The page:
When I first started on the Fair Board I had no idea what to expect. The then manager told me he had a job he thought I would be good at and handed me a yellow legal pad. He said it was the placing for all of the vendors that were coming in. Little did I realize that it was mainly just chicken scratching, and that the first vendor—the most cantankerous guy you could imagine—would be pulling up in less than 15 minutes. That first vendor told me there was no way he was going to set up where I told him to and proceeded to tell me where he was going to set up!
I did survive that day and quickly got an appreciation of what it takes to set up a fair. First, envision a totally open field and then think about building a city. Think about setting up 25 restaurants, approximately 100 store fronts, with everyone needing water, electric, and garbage collection. Next, think about adding a complete carnival with over 25 rides and many games. Also realize that these folks travel from fair to fair in their RV’s, so we also have to provide a campground for over 60 of them for the week.
Now let’s bring in around 50 cattle, 100 sheep, 60 goats, lots of rabbits and chickens and, of course, horses. How about sending out an invitation to everyone in the surrounding area to bring their home made crafts, vegetables, jams, flowers, etc., so we can judge them and award ribbons and prizes?
Why not add some National Entertainment Acts. Why not….it only takes a stage, a sound and lighting company, an agent, and seating. Did I fail to mention that you need lots of volunteers, and almost 100 employees to handle things like Security, Parking, Traffic Control, Fire, and First Aid?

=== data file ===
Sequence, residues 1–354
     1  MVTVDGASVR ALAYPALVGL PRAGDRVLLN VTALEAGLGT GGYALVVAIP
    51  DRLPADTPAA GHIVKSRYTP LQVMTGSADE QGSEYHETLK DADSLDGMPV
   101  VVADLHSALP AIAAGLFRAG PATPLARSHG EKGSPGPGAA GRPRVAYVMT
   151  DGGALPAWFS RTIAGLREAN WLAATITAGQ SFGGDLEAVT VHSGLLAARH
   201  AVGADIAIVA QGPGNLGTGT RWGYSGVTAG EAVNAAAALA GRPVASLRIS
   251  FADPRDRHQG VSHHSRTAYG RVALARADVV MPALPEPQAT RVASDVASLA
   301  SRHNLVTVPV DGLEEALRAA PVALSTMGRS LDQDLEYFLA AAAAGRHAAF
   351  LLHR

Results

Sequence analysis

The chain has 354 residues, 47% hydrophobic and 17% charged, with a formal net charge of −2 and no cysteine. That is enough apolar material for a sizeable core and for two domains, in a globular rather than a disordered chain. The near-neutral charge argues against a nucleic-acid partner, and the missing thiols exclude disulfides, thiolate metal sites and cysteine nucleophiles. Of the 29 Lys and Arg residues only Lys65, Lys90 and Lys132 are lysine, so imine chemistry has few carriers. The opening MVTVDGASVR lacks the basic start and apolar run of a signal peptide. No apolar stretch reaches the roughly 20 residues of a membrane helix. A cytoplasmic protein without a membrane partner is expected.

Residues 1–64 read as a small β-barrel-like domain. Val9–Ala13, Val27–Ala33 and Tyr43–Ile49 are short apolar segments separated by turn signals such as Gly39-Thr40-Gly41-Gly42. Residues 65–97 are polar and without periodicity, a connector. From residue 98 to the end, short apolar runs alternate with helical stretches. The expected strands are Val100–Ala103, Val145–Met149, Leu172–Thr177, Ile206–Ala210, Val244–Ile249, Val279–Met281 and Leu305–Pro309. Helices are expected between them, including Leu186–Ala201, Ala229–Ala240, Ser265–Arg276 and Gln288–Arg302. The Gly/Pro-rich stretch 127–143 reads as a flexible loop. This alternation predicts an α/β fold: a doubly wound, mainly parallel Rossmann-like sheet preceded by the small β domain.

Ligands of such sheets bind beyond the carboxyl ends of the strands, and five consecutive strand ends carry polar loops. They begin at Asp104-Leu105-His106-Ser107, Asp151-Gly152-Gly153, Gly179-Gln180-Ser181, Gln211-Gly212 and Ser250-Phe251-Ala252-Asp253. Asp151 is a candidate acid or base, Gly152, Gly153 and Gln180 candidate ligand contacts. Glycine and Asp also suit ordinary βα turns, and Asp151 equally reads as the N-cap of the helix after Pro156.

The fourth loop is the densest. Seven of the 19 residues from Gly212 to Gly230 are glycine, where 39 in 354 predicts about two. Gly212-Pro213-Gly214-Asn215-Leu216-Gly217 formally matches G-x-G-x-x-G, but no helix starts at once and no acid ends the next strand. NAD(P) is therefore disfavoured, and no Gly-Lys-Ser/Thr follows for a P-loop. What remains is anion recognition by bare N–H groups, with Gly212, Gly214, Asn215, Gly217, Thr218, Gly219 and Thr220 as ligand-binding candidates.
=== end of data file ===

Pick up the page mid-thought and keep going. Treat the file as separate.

Can things go wrong? I could write a book. Can the well pump go bad on a Friday night so you have to truck water in to keep the fair open? Can cows get loose in the middle of the night and wander around the grounds? Can a water pipe burst? Can a concession stand catch fire? Can it rain so much that you can’t park any cars in the parking lot and have to shuttle visitors from the college on school buses?
Why would you want to do any of this? I think anyone who is involved in fairs will tell you that it gets in your blood. If we get a volunteer, it is not long before their entire family is involved. That is certainly one reason I am celebrating my 31st fair this year. My oldest daughter Tracie started following me around when I was the concession’s manager and now handles that position when I moved up to Fair Manager. My youngest daughter Amy started working in the office doing all of the entries for our competitive exhibits and is still doing that job even though she now has two kids of her own. My middle daughter Kim, although not as active, has volunteered, and my grandson, Jonathan, is now deeply involved in the fair and proudly wears a Manager in Training Badge!
Our Board of Directors is made up of all volunteers that dedicate many hours during the year, and most take a week’s vacation to be at the Fair. Our volunteers come back year after year, along with many of our employees. If you talk to any fair person around the country, all will tell you: it just gets in your blood.